Timing of reproduction in a prairie legume: seasonal impacts of insects consuming flowers and seeds

TitleTiming of reproduction in a prairie legume: seasonal impacts of insects consuming flowers and seeds
Publication TypeJournal Article
Year of Publication1989
AuthorsEvans, EW, Smith, CC, Gendron, RP
Pagination220 -230
Accession NumberKNZ00223
Keywordstallgrass prairie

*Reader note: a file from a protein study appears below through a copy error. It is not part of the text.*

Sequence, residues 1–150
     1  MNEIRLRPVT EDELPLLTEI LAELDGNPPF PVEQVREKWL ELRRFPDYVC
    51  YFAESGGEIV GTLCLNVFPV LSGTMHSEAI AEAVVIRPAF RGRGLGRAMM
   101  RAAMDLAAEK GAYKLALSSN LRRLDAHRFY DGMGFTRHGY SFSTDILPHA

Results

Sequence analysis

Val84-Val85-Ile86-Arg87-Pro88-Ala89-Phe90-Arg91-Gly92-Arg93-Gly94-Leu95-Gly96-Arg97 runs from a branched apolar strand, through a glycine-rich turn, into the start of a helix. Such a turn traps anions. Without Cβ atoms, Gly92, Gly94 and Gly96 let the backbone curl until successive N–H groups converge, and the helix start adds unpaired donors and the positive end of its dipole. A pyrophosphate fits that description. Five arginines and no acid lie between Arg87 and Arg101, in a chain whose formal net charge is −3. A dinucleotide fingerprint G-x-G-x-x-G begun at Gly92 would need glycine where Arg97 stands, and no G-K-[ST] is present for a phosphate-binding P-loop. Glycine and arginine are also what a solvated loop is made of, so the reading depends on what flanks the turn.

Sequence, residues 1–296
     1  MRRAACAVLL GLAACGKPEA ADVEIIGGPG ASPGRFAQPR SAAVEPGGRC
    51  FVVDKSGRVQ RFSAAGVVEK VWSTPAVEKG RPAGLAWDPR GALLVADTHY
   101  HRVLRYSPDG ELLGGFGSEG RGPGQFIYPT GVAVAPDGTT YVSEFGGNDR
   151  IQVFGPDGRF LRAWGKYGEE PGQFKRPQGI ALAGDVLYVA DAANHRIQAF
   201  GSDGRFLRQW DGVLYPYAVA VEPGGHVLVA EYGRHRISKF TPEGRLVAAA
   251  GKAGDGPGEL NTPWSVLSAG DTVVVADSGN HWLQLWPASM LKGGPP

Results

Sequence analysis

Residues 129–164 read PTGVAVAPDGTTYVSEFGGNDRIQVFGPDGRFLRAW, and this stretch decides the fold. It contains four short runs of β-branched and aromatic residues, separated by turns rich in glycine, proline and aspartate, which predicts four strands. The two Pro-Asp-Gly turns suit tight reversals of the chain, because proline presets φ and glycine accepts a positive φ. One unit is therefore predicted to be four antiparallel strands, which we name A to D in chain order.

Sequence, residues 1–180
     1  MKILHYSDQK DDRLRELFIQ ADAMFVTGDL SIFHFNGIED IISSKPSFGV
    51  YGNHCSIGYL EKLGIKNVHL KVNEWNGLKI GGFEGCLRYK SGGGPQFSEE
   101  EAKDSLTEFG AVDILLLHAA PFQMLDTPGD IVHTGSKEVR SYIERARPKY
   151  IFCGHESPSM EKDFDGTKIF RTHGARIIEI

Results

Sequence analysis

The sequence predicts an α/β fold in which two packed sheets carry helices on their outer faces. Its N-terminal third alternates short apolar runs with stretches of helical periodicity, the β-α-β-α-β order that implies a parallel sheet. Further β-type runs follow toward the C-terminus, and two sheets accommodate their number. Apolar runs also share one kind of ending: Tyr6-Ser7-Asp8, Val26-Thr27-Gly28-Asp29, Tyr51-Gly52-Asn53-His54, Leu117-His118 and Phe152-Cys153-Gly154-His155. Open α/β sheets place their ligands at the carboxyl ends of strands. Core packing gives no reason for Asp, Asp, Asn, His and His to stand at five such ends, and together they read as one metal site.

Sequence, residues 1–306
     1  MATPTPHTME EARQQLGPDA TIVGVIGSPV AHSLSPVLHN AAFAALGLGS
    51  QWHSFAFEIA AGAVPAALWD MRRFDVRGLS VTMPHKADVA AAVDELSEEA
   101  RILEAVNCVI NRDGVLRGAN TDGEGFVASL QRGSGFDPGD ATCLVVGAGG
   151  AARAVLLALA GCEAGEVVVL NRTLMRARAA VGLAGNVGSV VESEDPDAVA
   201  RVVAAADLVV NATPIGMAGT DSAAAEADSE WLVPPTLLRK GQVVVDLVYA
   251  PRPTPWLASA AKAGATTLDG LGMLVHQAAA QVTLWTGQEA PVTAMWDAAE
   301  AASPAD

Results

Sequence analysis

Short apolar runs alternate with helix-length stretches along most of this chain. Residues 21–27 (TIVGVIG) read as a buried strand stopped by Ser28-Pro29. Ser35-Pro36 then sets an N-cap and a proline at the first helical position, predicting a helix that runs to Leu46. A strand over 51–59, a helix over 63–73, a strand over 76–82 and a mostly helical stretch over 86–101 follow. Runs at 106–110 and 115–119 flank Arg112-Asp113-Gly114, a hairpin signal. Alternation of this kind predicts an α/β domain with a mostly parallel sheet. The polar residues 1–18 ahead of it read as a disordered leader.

Seasonal patterns of insect damage to reproductive tissue of the legume Baptisia australis were studies for three years in native tallgrass prairie. Contrasting seasonal patters of damage were associated with the major species of insect consumers. The moth Grapholitha tristegana (Olethreutidae) and the weevil Tychius sordidus (Curculionidae), which together infested 80-100% of developing fruits (pods), consistently damaged more seeds on average in early than in late maturing pods. But while late opening flowers were less subject to attack from moths and weevils, they were more subject to attack from chewing insects, particularly blister beetles (Epicauta fabricii, Meloidae), which destroyed more than 80% of all flowers and developing young pods (including moth and weevil larval inhabitants). The blister beetle arrived late in the flowering season and fed particularly on young reproductive tissue, allowing larger, older pods that had developed from early opening flowers to escape destruction. The relative abundances and impacts of blister beetles, moths, and weevils varied from year to year. Adding to the uncertainty of reproductive success of the host plant were the large and variable amounts of damage to immature buds inflicted by insects (including the blister beetles and weevil adults) and late killing frosts. Thus, timing of flowering is critical to success in seed production for B. australis. The heavy impacts of insects and weather can result in a very narrow window in time (which shifts from year to year) during which B. australis can flower with any success. The opposing pressures exerted by insects and weather on floral reproductive success may act in concert with other features in the plant's biology to foster the maintenance of considerable diversity in flowering times among individuals in local populations of B. australis. Key words: flowering time, grassland, herbivory, phenology, seed predation